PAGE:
This offers a unique context to study a captive and wild troop that live close to each other, essentially sharing the same habitat. The aim is to better understand how ready Tao’s troop is to live back in the wild!
Through sixty hours of observation, Alana looked at how and to what extent the behaviours of Tao and his troop are mirroring the behaviours of the wild troop. One of her main points of comparison is looking at how the two troops make use of the tree canopy and other elevation. She’s seen that Tao’s troop is more vigilant than the wild troop, for example in their use of the tree canopy – but also in their body language and alarm calling. Vigilance is obviously important to survival, so it’s encouraging that Tao and his troop are displaying these behaviours.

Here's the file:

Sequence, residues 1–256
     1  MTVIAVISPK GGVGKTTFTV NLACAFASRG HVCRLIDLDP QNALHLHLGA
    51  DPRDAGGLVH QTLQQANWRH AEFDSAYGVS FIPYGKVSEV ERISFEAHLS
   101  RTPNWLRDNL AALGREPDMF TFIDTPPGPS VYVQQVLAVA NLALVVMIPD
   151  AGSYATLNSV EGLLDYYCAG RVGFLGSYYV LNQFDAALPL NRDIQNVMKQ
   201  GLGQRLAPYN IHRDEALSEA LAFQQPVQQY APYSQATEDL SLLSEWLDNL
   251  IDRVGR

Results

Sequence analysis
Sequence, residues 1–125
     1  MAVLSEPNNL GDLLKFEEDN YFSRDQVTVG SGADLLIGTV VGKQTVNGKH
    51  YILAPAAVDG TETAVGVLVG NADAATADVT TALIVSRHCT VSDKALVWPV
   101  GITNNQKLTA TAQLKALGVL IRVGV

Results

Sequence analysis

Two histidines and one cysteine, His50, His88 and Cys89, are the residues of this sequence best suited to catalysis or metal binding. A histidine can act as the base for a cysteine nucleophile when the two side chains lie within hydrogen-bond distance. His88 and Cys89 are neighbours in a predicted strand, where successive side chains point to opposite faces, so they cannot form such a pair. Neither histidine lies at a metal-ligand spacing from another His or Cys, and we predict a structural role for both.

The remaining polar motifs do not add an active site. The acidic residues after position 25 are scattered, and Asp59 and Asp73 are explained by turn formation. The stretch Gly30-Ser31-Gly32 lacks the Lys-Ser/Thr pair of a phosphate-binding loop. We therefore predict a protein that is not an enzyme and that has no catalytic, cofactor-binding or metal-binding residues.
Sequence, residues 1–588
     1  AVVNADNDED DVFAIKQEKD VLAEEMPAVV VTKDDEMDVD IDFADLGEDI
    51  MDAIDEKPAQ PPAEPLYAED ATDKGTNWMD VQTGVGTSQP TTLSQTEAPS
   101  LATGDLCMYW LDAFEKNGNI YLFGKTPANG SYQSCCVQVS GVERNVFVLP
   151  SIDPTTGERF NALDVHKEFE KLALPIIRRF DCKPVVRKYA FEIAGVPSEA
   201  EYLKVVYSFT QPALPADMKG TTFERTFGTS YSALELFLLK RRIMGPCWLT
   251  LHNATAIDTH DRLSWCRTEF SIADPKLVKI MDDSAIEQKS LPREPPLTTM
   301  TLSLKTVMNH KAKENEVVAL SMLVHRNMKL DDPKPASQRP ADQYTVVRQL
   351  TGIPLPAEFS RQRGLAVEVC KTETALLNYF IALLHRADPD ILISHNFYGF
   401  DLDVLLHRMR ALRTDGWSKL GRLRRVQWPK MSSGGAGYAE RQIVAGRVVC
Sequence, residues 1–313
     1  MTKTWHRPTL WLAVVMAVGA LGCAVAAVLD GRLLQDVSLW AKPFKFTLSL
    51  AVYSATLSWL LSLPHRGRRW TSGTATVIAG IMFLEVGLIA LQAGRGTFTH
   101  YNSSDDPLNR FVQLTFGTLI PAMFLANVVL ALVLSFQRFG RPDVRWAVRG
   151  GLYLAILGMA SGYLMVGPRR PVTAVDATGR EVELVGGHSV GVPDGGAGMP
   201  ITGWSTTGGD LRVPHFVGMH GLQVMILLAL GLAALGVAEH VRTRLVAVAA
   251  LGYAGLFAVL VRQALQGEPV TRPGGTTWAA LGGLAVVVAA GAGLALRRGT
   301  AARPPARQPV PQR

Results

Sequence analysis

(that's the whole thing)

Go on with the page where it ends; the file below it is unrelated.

The wild troop spends more time on the ground than Tao’s troop – this is slightly riskier behaviour but may speak to a greater confidence in their environment, or having more space to roam in.
Alana also observed that Tao’s troop has abundant resources in its enclosure and is more alert while protecting those resources – again, another positive behaviour that bodes well for the troop once they are fending for themselves back in the wild.
These findings helped to inform our pre-release strategy for Tao’s troop, who are about to begin their new lives back in the wild!